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PARENT SESSION
Oral Session # 52: Fire Ecology III: Grasslands; Scrub.
Presiding: J Grace
Wednesday, August 6. 1:30 PM to 5:00 PM, SITCC Meeting Room 102.

An ecosystem in transition: What are the mechanisms driving shrub expansion in temperate grasslands?

Heisler, Jana*,1, Briggs, John1, 1 Arizona State University, Tempe, AZ 85287-1601, USA

ABSTRACT- Fire is an integral component of the disturbance regime in temperate grasslands and impacts the native grass and shrub species through both its direct and indirect effects. During the last century, fire suppression in these grasslands has been accompanied by an increase in shrub cover. While this shift in growth form dominance has been well documented, short-term mechanistic studies are integral in understanding the mechanism driving this transition from grassland to shrubland. In 2001, an experimental study was initiated at Konza Prairie to assess the ways in which fire acts as a constraint to and/or facilitator of shrub expansion. Briefly, the experimental design included fire, nitrogen addition, and litter as main effects and pairwise comparisons between shrub islands allowed us to uncouple and subsequently quantify the impact of the fire event itself from that of the post-fire microclimate. In shrub islands (species Cornus drummondii) exposed to spring fire, 100% aboveground mortality was observed, but by ca. 60 days post-fire, a pulse of sprouting enabled stem density to return to pre-burn levels. Light availability, and subsequently warmer soil temperatures, further stimulated this sprouting response with burned islands and burned + litter islands increasing in stem density by six-fold and four-fold, respectively. By comparison, unburned islands (controls) increased by only two-fold. While ANPP for C. drummondii in all islands was similar, resource allocation differed between burned and unburned islands, with new sprouts investing in stem tissue to rapidly regain height and pre-burn stems producing greater foliar tissue. These results, when paired with a recent long-term study of fire frequency and patterns of shrub expansion, suggest that fire events stimulate rapid increases in C. drummondii stem density, which may lead to faster rates of shrub expansion, especially when followed by fire-free intervals during which shrubs may increase in total cover.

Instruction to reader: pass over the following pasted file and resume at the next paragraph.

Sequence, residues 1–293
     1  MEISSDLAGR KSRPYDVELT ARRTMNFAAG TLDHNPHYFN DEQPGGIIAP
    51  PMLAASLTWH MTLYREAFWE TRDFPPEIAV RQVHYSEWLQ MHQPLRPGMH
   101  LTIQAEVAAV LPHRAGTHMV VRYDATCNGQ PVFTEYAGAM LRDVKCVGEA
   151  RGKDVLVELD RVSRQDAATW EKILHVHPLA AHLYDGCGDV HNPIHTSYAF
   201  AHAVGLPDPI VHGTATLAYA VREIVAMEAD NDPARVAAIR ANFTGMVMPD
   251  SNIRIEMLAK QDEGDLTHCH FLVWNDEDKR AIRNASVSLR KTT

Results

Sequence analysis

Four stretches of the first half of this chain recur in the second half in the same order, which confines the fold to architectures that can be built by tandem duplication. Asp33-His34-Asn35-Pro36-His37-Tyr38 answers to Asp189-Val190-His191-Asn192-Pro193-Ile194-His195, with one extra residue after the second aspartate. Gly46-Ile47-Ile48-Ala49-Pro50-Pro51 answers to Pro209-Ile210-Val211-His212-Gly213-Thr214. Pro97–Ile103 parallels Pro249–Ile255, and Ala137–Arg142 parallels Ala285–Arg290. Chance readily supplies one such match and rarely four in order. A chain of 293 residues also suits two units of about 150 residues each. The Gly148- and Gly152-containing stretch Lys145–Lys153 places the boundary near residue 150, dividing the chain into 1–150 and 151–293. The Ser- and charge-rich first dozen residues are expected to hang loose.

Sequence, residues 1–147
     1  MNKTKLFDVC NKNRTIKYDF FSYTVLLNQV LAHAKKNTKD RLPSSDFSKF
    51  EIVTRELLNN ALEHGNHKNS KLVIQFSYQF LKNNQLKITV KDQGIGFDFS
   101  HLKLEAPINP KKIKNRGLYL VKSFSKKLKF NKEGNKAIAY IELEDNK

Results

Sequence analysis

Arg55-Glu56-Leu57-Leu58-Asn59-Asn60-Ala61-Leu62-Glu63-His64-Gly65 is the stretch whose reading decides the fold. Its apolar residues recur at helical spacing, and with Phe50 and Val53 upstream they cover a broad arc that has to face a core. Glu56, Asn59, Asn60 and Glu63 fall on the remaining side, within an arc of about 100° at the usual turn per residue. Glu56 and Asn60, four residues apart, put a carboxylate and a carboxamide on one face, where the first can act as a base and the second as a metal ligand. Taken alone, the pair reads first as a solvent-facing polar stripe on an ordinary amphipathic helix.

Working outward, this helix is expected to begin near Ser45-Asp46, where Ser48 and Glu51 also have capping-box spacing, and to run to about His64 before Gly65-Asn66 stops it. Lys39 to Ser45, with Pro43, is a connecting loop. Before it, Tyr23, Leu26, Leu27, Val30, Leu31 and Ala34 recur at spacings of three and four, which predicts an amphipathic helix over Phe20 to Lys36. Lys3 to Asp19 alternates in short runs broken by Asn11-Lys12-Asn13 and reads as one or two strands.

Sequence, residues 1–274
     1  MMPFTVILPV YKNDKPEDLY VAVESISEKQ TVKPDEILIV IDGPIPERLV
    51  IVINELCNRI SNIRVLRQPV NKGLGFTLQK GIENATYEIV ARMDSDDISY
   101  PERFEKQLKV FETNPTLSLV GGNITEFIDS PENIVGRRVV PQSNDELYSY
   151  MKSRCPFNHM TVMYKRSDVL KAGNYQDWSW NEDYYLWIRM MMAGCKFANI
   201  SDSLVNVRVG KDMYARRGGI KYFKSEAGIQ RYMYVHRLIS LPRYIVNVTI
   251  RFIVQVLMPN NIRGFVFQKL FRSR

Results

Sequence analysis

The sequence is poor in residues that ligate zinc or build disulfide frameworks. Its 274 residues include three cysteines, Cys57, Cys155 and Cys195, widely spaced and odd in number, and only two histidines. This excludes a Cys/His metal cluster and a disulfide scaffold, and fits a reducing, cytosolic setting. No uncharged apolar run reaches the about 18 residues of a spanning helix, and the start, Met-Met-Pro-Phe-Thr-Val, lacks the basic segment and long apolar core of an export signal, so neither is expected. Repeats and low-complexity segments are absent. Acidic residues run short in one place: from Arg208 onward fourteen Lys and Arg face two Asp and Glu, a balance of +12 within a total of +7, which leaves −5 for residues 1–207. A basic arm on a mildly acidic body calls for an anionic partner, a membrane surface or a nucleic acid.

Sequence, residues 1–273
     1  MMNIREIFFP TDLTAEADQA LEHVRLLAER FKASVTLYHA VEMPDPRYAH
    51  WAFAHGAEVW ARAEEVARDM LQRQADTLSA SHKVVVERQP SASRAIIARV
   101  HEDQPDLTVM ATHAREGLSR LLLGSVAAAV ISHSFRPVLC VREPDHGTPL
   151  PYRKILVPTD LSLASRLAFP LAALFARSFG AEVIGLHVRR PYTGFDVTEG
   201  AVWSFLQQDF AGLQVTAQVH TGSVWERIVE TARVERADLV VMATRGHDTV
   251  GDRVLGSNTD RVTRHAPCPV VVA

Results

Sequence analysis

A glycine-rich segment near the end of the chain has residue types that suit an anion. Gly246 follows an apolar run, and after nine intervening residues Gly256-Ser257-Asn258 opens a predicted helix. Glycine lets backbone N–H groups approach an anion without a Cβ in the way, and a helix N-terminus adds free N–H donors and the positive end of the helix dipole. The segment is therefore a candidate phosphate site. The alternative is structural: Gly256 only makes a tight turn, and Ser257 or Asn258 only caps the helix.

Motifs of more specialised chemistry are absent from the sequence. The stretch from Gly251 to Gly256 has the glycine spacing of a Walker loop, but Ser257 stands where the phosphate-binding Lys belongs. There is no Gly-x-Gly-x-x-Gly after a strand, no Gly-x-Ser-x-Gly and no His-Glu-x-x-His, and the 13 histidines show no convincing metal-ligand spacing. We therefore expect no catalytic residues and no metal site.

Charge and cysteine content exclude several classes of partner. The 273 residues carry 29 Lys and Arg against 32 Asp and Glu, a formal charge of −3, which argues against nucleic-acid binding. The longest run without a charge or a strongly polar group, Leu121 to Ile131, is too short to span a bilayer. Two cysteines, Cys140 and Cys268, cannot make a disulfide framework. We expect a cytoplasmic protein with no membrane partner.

Key words: woody encroachment, grassland, fire, resource availability